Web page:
Client Update: Extensions of term for pharmaceutical patents: the latest word
15 December 2009
In brief: The Full Federal Court's recent decision concerning the availability of extensions of term for pharmaceutical patents, particularly those claiming enantiomers, stands, following the High Court's rejection of a special leave application. Senior Associate Alexia Mayer reports.
On 11 December, the High Court refused Lundbeck's application for special leave to appeal the Full Court's decision to uphold Justice Lindgren's decision that Lundbeck was not entitled to an extension of its 20-year patent term in H Lundbeck A/S v Alphapharm Pty Ltd  FCAFC 70 (11 June 2009).
The patent in suit was Lundbeck's patent for escitalopram, a selective serotonin reuptake inhibitor (SSRI), a class of drugs used to treat depression and other mental illnesses. Lundbeck's product containing escitalopram, Lexapro, was registered on the Australian Register of Therapeutic Goods (ARTG) in 2003.
A racemate is a 50:50 mixture of two enantiomers, commonly referred to as the (+)-enantiomer and the (-)-enantiomer. Escitalopram is the (+)-enantiomer of the racemate citalopram. Lundbeck had caused the product containing the racemate citalopram, sold as Cipramil, to be registered on the ARTG in 1997.
An application for extension of term must be made within the time period specified in the Patents Act 1990 (Cth) (see subsections 71(2) and 70(3)). In the context of the Lundbeck case, the application needed to be made within six months after the first inclusion in the ARTG of goods that contain, or consist of, the pharmaceutical substance. A key issue in the Lundbeck case was whether the relevant ARTG registration date was that of Lexapro in 2003 or that of Cipramil on 1997.
Unfortunately for Lundbeck, the Full Federal Court upheld Justice Lindgren's decision that Cipramil (the racemate, being a 50:50 mixture of the two enantiomers) contained escitalopram (the (+)-enantiomer of the racemate), so the relevant ARTG registration was that of Cipramil. Accordingly, the time limit for applying for an extension of the patent had long since expired.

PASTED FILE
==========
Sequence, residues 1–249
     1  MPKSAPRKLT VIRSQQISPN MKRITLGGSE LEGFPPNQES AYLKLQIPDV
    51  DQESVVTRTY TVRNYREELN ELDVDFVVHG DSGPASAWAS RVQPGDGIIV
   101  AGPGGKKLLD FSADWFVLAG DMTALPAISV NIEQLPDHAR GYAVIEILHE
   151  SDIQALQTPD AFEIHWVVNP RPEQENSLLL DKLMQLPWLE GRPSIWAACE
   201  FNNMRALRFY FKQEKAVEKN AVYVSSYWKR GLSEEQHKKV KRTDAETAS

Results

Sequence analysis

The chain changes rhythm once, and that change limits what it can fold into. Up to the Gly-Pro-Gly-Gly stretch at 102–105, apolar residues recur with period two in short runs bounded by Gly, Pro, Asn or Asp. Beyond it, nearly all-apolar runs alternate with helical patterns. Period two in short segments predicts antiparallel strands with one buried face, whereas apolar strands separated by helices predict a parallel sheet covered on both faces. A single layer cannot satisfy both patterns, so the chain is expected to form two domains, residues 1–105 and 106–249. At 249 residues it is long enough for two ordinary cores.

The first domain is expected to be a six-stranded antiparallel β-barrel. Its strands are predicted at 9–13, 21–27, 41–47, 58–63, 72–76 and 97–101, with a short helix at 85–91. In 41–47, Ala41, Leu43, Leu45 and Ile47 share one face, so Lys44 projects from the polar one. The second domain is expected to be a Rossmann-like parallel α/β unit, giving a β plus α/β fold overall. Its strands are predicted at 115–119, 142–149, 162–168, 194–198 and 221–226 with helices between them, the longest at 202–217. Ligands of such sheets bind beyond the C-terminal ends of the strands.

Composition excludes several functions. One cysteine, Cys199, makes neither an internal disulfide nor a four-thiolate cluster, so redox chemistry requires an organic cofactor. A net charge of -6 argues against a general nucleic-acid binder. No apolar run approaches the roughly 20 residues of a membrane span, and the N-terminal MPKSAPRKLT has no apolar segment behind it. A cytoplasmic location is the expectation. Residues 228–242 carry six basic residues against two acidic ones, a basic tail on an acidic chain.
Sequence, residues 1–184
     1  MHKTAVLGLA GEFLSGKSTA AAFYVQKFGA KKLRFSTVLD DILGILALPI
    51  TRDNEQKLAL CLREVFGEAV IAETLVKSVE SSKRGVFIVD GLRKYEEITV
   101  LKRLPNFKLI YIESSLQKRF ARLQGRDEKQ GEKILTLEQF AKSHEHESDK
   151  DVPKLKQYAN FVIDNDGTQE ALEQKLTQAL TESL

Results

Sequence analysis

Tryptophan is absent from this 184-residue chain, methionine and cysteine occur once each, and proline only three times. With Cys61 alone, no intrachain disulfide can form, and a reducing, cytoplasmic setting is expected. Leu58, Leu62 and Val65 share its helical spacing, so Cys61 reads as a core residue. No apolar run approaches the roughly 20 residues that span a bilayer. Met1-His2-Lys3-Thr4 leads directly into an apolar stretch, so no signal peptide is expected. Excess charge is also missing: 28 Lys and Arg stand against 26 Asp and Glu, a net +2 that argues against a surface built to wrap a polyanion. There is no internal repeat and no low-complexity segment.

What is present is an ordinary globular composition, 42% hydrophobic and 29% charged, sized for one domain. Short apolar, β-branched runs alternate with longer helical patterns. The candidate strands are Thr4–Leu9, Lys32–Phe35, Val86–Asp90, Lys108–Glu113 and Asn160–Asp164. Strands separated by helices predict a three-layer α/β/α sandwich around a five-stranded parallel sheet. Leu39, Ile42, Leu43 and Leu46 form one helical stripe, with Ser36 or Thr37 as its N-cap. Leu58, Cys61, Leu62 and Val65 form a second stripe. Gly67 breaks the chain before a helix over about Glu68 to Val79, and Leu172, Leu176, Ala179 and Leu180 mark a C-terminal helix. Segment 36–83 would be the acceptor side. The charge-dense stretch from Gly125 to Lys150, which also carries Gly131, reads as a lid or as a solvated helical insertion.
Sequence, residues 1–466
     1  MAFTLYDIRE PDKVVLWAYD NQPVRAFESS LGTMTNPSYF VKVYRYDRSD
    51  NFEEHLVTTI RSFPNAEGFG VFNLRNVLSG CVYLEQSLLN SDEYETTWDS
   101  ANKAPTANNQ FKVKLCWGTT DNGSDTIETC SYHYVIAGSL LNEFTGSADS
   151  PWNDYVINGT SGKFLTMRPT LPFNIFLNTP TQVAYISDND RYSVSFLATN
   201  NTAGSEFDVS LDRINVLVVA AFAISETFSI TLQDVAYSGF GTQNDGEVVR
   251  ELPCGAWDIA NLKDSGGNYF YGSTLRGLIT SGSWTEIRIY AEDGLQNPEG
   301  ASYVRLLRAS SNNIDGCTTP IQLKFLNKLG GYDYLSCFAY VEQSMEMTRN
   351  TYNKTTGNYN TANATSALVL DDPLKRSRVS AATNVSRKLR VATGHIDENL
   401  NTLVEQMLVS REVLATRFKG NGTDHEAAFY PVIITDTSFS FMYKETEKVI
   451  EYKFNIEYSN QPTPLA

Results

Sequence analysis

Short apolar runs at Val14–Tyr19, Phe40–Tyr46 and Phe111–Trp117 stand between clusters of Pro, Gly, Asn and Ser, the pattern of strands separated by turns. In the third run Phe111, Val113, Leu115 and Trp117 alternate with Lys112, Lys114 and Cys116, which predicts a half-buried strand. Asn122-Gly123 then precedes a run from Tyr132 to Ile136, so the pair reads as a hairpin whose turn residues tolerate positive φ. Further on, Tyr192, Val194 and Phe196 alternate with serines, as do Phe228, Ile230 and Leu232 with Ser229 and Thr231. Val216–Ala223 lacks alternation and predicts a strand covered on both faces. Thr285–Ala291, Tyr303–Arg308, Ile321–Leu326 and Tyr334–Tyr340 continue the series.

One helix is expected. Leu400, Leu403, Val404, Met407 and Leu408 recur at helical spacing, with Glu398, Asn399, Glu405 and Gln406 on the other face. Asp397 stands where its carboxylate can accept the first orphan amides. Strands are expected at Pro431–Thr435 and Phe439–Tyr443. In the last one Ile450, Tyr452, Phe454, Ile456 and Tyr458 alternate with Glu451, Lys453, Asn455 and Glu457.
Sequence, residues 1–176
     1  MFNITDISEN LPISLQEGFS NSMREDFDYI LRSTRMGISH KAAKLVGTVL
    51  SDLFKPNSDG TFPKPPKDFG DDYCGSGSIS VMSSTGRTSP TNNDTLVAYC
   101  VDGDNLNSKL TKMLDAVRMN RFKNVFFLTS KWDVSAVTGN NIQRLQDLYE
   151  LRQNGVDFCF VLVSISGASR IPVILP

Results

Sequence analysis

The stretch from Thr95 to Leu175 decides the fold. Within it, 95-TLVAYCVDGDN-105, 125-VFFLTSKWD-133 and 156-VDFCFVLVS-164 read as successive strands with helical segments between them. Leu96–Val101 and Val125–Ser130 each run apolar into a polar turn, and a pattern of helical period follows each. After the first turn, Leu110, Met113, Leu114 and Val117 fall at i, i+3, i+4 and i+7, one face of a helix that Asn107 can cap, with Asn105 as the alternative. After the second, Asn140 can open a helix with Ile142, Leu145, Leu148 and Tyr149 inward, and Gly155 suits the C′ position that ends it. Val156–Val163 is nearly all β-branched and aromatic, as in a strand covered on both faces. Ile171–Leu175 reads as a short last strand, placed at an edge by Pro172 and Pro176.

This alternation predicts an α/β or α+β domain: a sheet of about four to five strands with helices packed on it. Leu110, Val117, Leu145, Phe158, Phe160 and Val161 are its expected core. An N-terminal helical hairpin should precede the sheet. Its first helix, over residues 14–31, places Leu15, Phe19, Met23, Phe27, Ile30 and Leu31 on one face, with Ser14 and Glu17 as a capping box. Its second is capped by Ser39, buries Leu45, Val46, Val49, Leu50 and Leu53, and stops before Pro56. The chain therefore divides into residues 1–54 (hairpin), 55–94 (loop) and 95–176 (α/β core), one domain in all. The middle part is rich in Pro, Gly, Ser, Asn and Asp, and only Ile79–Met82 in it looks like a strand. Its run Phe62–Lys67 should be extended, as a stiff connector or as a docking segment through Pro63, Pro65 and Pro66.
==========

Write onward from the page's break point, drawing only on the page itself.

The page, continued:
Justice Bennett (with whom Justice Middleton agreed1) explained the finding as follows:
...the pharmaceutical substance per se is the molecule, the (+)-enantiomer. The racemic mixture is a solution that contains both (+) and (-) enantiomers in equal proportions. The (+)-enantiomer molecule per se fulfils the requirements of s 70(2). It is the molecule that 'works' as a pharmaceutical substance alone, or together with other substances, in goods listed on the ARTG. These other substances may be components of a formulation or may otherwise be described as impurities, such as the (-)-enantiomer.
Justice Bennett reserved her position on whether a de minimis inclusion of the pharmaceutical substance in the ARTG listing would be sufficient for the purposes of subsection 70(3).
Following the High Court's rejection of Lundbeck's application for special leave, it is now settled that, for the purposes of the extension of term provisions, a racemate 'contains' each of the two enantiomers. Accordingly, if a racemate has been included on the ARTG, it will be the date of that ARTG registration that is relevant when applying for an extension of term for a patent covering an isolated enantiomer of that racemate.
Many new medicines developed today are close chemical relatives of existing medicines. When considering applying for an extension of term for a patent, pharmaceutical companies should consider whether the pharmaceutical substance claimed in that patent could be said to be 'contained' in an older medicine, as a component of a formulation or as an impurity.
For further background on seeking extensions of term for pharmaceutical patents, please see our Biotech Bulletin article: Patent extensions for pharmaceutical substances: when do registered goods 'contain, or consist of' a pharmaceutical substance?
- Justice Emmett did not find it necessary to decide the extension issue because he had found the claims invalid. However, his Honour indicated that he would have been inclined to uphold Justice Lindgren's conclusion.
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